iMac (2007)

iMac 2007
iMac 2007

Undergoing further transformation, the iMac released in 2007 dropped its plastic case for that of aluminium. This decision worked to add a somewhat sleek and professional touch to the computer itself. In addition to that, the ultra slim aluminium keyboard also began to be sold alongside the model.

Macbook and Macbook Pro (2006)

Macbook 2006
Macbook 2006

Although there were a number of laptop-style computers prior to these models, the Macbook and Macbook Pro released in 2006 was perhaps one of the most notable. These models featured a magnetic latch, glossy display and an Intel-made processor. First editions were released in the colour black, which swiftly changed to the era of aluminium as we know it today.

Macbook Air (2008)

Macbook Air
Macbook Air

With the recent development of aluminium unibody-cases, laptops were becoming increasingly thinner. Released in January of 2008, the Macbook Air boasted a tiny 19mm size yet proved relatively low on productivity. As a result of the downsize, Apple encountered a number of functionality issues, however, quickly solved them within the first few years after its release. This model is most notable for its commercial in which the laptop was shipped in an envelope.

Macbook Pro Retina (2012)

MacBook Pro Retina Apple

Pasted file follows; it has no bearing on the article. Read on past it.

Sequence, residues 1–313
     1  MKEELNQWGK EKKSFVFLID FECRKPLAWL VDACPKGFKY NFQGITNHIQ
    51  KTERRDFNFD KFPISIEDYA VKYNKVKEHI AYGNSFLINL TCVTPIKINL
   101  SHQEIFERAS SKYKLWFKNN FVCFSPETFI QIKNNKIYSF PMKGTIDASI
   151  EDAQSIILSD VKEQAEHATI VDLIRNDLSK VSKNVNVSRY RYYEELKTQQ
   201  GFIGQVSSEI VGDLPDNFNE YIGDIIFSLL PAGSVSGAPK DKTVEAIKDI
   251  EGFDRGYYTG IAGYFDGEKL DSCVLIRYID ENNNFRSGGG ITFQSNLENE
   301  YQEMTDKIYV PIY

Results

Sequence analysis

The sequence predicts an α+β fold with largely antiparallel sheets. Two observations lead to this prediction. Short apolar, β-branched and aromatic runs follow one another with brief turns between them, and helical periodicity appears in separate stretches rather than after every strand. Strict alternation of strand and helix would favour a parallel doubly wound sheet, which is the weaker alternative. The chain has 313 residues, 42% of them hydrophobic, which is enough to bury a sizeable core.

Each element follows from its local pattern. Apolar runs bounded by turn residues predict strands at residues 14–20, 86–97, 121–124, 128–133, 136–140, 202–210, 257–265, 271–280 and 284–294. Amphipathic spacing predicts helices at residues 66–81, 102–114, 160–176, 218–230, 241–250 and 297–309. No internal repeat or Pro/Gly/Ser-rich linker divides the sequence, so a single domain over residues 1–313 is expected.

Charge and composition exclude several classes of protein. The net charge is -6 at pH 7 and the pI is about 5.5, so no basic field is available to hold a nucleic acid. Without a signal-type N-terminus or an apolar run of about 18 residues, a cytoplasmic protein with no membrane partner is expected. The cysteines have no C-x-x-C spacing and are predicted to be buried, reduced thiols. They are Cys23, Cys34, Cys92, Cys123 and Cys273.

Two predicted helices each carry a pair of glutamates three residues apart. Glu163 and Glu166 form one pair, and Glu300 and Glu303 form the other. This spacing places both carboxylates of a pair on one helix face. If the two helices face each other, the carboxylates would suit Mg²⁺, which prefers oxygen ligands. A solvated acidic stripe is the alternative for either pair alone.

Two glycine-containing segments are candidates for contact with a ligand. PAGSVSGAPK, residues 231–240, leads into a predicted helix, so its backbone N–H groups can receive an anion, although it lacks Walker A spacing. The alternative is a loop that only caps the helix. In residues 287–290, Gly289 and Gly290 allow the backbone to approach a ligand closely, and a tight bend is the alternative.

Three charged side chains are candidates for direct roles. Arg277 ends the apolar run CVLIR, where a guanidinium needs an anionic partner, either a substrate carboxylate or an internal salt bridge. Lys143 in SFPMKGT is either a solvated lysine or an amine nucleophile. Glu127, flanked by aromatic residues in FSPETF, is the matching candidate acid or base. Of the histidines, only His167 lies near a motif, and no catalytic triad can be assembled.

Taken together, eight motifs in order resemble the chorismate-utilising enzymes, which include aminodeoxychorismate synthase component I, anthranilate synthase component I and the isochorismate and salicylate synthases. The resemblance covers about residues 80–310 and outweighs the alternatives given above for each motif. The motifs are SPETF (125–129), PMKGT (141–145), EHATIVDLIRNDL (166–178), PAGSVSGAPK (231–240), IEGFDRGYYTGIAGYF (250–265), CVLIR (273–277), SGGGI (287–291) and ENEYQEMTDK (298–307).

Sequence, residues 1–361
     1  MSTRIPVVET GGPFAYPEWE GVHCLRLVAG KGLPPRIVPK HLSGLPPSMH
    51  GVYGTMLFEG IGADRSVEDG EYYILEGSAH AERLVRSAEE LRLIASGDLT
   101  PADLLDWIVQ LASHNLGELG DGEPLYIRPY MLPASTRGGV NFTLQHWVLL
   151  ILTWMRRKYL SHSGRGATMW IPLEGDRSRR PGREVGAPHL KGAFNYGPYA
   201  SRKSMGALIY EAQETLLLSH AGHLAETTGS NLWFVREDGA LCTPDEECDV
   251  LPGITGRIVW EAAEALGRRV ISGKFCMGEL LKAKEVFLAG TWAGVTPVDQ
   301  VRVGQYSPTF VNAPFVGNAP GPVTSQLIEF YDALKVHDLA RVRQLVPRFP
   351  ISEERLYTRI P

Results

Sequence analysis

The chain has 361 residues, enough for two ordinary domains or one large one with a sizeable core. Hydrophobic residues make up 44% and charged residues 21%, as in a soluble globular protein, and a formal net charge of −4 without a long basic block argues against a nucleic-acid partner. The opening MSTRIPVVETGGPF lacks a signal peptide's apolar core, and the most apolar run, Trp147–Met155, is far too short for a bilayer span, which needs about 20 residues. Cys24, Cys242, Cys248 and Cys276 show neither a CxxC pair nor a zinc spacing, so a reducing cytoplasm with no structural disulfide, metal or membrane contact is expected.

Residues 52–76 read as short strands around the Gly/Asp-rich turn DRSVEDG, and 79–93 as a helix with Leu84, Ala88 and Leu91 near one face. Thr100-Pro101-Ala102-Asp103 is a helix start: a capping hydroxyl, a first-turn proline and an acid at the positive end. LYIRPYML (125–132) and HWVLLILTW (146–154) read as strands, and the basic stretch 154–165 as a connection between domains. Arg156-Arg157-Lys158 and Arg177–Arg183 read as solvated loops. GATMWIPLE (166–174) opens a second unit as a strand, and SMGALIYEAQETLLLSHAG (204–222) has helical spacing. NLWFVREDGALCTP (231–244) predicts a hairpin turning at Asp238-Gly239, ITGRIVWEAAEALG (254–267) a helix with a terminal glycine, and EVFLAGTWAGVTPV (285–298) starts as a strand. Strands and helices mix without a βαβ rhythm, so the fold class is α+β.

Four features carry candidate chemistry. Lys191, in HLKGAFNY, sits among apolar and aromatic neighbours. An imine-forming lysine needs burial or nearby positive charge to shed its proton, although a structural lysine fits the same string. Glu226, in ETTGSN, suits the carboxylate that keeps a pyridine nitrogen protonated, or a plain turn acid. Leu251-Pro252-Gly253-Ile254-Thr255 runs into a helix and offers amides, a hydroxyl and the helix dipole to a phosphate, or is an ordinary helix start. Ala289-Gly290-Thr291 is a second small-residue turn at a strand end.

MacBook Pro Retina

Around this time, new and innovative Mac designs were not very common. The Macbook Pro with retina display released in 2012 was perhaps the closest thing to perfect that the industry had seen. The new and improved display fashioned an ultra-high resolution screen with near invisible pixels.

Macbook (2015)

Macbook Pro
Macbook Pro

Breaking yet another record, Macbook entered the industry in 2015. The laptop weighed a total of 900 grams and fashioned a 12 inch retina display. The extremely small, streamline size of this model set itself apart from its competitors right off the bat.

Macbook Pro (2016)

Macbook Pro 2016
Macbook Pro 2016

Another great advancement in the Macbook line was the addition of greater speed and a touchscreen to replace a few keyboard function keys. This added functionality to the Macbook Pro could be used as a means to output notifications and enter information. Overtime, the size of the keyboard has increased, as well as its sensitivity.

Mac Mini (2018)

Mac Mini
Mac Mini

This model is the newest addition to the Mac family, functioning as a computer ‘box’. The Mac mini does not include a screen of any kind, and can be linked to any monitor of your choice. Notable changes include the cosmic grey colour and extremely compact size.

Over the years, Apple and its Mac products have been a dominant force within creative and design industries as tools for both students and professionals. Prominent changes that have taken place include significant price reductions and increased productivity and functionality.

The models featured in this article are constantly being updated, so keep a lookout for the latest versions of the Mac products via the Apple website. We hope this article provided you with some insight into how Mac products have evolved over the years, with more changes sure to come!

Join our Newsletter

Sign up now to stay up-to-date on industry trends, inspiring stories, helpful resources, and more.


Submit a Comment

Your email address will not be published. Required fields are marked *